The abbey has a great many species of trees, soon to be resplendent in their autumn colours, and the flower and herb beds still manage a few flowers after the passing of summer.

I always say to those put off Glastonbury by the New-Age, occult, and and do-it-yourself-pseudo-religious commercially lucrative rubbish, to not be robbed of our holiest site by these works of darkness.

I recall seeing a documentary on the growth of occultism in Glastonbury when I was a teenager, with the camera looking down on the town form the tower of St John’s Church, and its vicar saying what no Anglican incumbent in the town would dare to say now – that the cosmic battle between good and evil is going on right here in this little Somerset town.

This is why must come!

We must come to worship, pray and venerate the holy sites, as I have been doing since I was a teenager – back then, sometimes with the most wonderfully devout friends on the West of England Pilgrimage – a very English, but also very Anglo-Catholic and in-your-face (with all of the senses) demonstration of Christianity.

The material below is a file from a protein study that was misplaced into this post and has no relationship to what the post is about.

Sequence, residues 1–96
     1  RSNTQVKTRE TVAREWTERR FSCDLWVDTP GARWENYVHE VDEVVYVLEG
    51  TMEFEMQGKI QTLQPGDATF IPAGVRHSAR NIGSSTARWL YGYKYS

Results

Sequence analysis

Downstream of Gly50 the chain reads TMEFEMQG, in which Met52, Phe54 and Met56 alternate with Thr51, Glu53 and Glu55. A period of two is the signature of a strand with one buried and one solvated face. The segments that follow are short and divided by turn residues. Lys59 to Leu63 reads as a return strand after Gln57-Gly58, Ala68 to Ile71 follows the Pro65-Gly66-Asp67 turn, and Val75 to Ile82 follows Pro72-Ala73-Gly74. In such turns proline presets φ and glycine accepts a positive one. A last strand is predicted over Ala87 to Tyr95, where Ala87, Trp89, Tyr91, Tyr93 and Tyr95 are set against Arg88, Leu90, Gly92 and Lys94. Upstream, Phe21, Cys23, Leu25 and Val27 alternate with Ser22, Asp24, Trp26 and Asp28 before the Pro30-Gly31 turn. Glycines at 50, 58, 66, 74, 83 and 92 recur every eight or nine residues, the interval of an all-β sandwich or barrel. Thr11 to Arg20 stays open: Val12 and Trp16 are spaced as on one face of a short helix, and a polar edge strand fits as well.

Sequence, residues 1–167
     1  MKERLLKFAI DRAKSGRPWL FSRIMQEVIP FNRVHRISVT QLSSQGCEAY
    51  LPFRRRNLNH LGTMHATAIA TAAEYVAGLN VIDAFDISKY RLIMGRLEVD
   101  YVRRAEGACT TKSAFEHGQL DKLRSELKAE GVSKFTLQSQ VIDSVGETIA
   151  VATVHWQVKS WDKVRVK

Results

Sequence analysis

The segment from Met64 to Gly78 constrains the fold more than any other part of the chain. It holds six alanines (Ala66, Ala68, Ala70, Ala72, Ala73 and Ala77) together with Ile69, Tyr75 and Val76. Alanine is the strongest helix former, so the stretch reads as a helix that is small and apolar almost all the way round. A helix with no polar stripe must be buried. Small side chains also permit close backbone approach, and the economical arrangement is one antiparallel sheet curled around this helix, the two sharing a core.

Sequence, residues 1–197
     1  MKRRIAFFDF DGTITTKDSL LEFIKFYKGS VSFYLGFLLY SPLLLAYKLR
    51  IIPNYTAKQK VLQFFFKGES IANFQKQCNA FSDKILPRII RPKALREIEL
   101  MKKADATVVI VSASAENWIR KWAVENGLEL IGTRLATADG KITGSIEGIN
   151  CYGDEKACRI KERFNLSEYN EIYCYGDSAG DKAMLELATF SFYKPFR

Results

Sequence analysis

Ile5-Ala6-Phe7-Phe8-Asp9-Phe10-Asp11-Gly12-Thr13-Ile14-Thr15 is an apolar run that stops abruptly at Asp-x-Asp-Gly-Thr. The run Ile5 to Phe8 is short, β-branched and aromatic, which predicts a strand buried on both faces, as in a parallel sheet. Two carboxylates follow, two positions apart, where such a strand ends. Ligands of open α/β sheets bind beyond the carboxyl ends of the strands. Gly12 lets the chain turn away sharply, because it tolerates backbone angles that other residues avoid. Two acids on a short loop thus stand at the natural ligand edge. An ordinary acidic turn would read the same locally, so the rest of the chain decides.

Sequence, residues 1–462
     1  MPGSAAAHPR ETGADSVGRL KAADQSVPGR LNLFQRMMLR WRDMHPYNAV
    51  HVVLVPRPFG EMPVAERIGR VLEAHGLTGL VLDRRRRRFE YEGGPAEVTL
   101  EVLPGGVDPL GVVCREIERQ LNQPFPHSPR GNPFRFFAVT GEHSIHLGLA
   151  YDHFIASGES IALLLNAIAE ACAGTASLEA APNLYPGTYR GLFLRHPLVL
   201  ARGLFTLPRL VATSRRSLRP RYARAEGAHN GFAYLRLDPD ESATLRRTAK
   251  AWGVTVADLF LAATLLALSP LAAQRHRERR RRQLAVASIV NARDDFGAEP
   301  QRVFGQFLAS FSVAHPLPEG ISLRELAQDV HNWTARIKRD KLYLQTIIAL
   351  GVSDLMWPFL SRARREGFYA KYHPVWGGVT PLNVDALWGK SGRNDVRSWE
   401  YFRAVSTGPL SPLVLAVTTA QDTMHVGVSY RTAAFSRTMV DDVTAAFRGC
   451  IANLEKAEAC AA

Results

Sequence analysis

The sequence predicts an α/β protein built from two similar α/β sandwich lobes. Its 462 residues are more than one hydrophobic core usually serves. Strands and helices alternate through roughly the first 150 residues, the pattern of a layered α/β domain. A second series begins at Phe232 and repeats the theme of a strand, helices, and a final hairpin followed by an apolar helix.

Much has changed since then. The obvious Christian presence is much diminished, despite the imposing Catholic Parish Church, served by Benedictine monks.

Christianity seems very much in the shadows… which is why we MUST come, honouring the Mother of God in the place of her first British shrine, with David, Patrick, Brigid, Collen, Rumon, Fili, Kea, Indract, Dominica, Beon, Gildas the Wise, Dunstan, and all of the saints who shone forth in Glastonbury.

May they pray for us and for this confused and suffering holy-place.